getting one's bearings
Updated: Mar 1
Having fixed your position at a particular grid reference on your map and having discerned the difference between your orienting lines and your orienting arrow on your compass, where is that you wish to go and how might you get there? Are you looking for a sunny spot out of the wind for a lunch break, or trying to find your way back to your car or tent? Either way, you need an objective or target location to navigate toward from your current position.
Firstly, set your map - 'setting the map' simply means having it pointing the right way - and have a look around. Note the features - paths, roads, walls, rivers, power lines, buildings - that are defined on your map and that you can see.
The simplest way to achieve your objective from your location would be to find a path linking the two points and to follow it! Similarly, having set your map in fine weather, the surrounding features and terrain variation can be easily identifiable from ground to map and vice versa. Picking out the features that you can actually see from where you are and that you will then see en route to your target and then walking between them is another method to get you where you wish to go. Mentally ticking off each feature you pass as you go will keep you on course.
But what if you cannot see your target; if the target is on the other side of a hill, or if the weather has turned nasty, or if you are in the dark?
Taking a bearing accurately and accurately walking along it will allow you to progress from your location to your objective even in the worst fog or a blizzard or at night.
There are a number of ways to describe the same process and nobody has released a video that, to my mind, nails it completely. Hence, the three different takes on the same subject from eminent experts as published by the likes of the BMC, Ordnance Survey, Glenmore Lodge - Scotland's National Mountain Training Centre.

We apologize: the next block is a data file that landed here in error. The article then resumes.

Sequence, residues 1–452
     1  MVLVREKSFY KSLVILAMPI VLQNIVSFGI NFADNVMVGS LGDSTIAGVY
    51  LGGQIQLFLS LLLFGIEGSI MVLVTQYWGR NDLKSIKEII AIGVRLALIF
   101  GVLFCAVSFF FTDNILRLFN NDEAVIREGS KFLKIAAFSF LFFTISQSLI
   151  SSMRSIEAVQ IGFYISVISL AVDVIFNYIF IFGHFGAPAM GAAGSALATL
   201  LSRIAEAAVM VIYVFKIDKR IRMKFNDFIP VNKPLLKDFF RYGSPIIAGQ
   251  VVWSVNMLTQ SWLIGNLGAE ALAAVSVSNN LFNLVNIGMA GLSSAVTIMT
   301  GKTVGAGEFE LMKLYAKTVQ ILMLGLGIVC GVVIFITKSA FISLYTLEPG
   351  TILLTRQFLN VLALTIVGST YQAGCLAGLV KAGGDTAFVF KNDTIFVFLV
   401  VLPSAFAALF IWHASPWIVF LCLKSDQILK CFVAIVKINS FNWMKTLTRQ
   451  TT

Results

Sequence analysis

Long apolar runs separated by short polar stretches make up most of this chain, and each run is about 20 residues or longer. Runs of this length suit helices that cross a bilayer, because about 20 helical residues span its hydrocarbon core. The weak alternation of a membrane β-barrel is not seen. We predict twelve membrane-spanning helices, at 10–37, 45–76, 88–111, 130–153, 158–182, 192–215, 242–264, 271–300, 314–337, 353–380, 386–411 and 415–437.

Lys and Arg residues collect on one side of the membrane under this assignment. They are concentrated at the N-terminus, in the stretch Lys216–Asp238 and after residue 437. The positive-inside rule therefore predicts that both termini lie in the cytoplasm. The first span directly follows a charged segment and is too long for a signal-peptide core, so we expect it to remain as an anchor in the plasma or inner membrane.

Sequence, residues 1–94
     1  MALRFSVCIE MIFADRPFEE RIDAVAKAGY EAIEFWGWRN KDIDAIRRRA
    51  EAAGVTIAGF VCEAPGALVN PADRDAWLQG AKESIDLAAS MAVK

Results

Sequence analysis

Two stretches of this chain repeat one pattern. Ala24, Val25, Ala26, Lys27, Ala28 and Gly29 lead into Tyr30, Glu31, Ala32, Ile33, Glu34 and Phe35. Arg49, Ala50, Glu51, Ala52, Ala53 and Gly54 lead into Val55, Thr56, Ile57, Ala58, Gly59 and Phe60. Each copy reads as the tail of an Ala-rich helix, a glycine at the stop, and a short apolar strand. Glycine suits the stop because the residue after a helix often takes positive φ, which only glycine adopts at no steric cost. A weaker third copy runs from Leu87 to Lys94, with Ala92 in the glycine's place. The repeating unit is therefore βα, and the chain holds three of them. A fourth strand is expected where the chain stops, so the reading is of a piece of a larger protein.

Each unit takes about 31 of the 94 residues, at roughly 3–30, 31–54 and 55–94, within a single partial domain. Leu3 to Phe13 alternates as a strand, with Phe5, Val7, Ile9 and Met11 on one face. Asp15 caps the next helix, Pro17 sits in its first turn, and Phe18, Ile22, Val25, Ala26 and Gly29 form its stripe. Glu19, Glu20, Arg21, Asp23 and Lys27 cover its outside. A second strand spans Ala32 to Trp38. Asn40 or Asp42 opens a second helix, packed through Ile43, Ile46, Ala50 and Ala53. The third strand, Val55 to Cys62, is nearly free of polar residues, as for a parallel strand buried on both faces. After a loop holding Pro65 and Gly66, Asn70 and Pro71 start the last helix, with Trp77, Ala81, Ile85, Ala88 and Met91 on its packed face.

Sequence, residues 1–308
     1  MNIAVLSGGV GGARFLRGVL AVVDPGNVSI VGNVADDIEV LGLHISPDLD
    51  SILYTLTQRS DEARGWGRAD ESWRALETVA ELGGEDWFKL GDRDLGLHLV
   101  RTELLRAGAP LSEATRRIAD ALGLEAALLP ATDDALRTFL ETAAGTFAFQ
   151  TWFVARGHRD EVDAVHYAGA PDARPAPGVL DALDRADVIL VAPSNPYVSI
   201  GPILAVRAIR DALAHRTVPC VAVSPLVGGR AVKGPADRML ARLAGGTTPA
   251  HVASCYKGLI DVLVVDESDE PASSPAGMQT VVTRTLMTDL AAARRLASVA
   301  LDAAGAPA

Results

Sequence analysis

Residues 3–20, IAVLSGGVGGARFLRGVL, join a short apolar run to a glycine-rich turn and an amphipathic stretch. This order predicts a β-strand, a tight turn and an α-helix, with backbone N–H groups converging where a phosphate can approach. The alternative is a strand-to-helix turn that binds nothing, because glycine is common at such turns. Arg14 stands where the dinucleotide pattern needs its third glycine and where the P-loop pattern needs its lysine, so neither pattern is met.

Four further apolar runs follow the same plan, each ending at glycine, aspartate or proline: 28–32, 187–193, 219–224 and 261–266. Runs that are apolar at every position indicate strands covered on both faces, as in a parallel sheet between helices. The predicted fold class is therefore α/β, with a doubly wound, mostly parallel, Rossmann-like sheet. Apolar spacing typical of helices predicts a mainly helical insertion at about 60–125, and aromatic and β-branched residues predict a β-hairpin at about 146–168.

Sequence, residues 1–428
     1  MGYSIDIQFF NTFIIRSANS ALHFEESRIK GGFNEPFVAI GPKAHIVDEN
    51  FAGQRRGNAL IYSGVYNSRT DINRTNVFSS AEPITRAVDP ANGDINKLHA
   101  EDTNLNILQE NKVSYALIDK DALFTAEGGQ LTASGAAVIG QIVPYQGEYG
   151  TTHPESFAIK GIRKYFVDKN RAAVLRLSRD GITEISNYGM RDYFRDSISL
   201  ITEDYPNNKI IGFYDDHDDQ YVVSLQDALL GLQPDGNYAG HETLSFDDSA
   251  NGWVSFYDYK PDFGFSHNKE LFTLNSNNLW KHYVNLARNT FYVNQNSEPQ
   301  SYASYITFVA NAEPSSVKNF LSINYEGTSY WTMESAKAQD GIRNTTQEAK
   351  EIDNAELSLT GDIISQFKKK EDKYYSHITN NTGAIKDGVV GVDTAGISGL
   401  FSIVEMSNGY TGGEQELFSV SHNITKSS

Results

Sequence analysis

We begin with a return to the beard, Chris Townsend ...
... before giving Steve Backshall a go ...
... and then walking a bearing with Glenmore Lodge ...
Some of the terminology used - 'aiming off', 'catching features', 'contours', and 'magnetic variation' aka 'declination' - is a bit more advanced and the subject for another set of posts. For now we will concentrate upon the basic principles and leave practical application for another day.
Silva, the compass manufacturer, released a video showing the practical value of the subjects covered so far in use in the field. It is a bit longer and has a cheesy voice-over but it's well worth a watch as it provides a high-level overview of the navigation basics that you actually need know when it comes to getting around the hills safely.
Bearing setting using the 'Silva 1-2-3 system', described at 2:42, has proven a useful way for many to remember how to take a bearing quickly and easily.